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Mum-of-four's death was misadventure, says jury

A DAD who lost his wife a day after she gave birth to their fourth child broke down in tears as a jury found she died from medical misadventure.

Sean Rowlette (39), from Dromore West, Co Sligo, was hugged by relatives and friends as the jury at Sligo Courthouse made a number of recommendations to the HSE.

His wife Sally (36), died on February 5 last year, a day after giving birth to baby Sally. She had a brain haemorrhage after suffering the blood pressure illness HELLP syndrome.

The three-day inquest heard that a consultant obstetrician had failed to bring her into hospital for an induced labour two weeks earlier, even though she had suffered from the same illness on the birth of her second child in 2007.

The jury of five men and four women were also told that an intensive care unit consultant left the hospital for almost four hours, leaving Sally's care largely in the hands of nurses. She suffered the haemorrhage during this time.

Among the jury's recommendations was that a senior consultant should follow through in such medical emergencies in the future. They also recommended that internal hospital reviews should be more open and results shared with staff.

"I found out a lot of things that I never knew about," said Mr Rowlette, who quit his job as an engineer to raise Leanne (9), Abbie (7), Joseph (4) and 21-month-old Sally.


"Christmas will be tough again, but it's tough every night. The kids go to bed and you turn the key and you're sitting alone.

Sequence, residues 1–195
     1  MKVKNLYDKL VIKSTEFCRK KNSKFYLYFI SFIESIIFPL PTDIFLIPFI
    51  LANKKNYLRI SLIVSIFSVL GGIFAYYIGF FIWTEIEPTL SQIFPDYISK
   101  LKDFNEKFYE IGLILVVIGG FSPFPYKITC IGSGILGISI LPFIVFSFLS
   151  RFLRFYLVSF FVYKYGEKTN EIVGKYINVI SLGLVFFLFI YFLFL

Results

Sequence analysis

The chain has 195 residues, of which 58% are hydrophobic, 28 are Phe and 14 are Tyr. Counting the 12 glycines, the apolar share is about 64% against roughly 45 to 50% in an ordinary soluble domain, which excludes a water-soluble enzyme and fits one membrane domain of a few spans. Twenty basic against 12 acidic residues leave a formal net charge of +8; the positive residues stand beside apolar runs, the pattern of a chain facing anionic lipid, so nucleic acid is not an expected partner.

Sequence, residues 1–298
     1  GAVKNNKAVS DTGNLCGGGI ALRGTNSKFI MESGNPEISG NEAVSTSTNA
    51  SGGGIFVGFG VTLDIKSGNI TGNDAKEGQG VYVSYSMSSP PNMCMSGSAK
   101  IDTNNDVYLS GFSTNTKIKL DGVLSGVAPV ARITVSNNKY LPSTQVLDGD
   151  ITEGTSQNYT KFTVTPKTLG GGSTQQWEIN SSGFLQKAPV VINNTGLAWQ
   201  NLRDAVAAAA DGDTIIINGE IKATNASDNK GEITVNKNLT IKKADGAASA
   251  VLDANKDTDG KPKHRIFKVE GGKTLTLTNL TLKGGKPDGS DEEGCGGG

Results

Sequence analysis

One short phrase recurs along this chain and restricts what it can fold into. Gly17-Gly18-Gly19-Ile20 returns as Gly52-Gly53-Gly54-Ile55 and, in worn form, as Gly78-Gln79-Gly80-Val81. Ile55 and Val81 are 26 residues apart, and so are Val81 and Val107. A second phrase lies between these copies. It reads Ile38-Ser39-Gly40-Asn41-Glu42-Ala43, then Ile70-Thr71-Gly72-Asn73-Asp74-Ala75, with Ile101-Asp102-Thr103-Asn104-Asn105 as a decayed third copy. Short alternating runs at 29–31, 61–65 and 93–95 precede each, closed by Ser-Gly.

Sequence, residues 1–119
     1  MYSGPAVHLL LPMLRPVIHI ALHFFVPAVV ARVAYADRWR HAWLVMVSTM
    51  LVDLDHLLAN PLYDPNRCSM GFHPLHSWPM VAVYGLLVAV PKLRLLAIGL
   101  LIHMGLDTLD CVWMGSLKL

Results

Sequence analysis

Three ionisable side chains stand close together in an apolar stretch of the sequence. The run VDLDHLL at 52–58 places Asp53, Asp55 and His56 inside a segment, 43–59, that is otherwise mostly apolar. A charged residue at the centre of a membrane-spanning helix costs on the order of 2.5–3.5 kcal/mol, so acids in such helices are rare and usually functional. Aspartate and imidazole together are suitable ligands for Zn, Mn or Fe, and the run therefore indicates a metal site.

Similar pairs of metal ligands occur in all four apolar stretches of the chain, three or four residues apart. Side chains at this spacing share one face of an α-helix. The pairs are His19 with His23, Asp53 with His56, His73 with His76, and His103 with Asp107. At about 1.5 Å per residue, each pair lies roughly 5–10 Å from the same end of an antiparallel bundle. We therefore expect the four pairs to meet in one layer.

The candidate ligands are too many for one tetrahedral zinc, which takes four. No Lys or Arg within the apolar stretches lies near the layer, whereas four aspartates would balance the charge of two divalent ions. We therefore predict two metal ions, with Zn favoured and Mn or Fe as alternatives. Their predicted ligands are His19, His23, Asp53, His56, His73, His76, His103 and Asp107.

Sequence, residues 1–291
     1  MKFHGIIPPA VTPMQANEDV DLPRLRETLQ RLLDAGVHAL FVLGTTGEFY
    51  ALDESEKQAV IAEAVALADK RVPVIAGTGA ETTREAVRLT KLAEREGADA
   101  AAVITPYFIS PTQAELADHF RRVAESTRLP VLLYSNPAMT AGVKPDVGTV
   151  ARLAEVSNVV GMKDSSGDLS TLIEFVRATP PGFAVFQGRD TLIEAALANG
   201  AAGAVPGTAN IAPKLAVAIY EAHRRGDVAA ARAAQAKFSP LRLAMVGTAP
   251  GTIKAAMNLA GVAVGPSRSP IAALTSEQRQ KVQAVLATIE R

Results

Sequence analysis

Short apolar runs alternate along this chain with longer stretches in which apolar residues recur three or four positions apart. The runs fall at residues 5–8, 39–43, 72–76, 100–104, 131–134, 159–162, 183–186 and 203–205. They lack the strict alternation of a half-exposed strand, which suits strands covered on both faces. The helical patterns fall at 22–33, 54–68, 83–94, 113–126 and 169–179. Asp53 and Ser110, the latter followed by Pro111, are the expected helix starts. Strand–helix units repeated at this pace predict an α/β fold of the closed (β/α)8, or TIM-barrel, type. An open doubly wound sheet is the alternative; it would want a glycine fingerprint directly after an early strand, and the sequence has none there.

"My aim has been to make sure no other family goes through what we're going through, that lessons are learned so women going into hospital don't end up like Sally."

Solicitor Roger Murray said it was "ridiculous" that two consultants involved in the case were not at the inquest, having both left Sligo Hospital.

"One consultant left his post for more than four hours at a critical time," he said.

"The other, Dr Murshid Ismail, who was Sally's obstetrician, missed key opportunities to bring her into hospital to have the pregnancy induced before this illness took hold.

"We are pursuing ways of finding him and we have instructions to begin legal proceedings against the HSE."

Earlier yesterday Ireland's leading obstetrician Dr Peter Boylan, from the National Maternity Hospital, said Dr Ismail should have known from Sally's medical records that she had suffered from HELLP syndrome in 2007.

When on two occasions her blood pressure was raised, Dr Ismail should have referred her to her GP for further testing within days.

The jury said patients suffering from similar symptoms in previous pregnancies should be advised of the possible dangers of further pregnancies.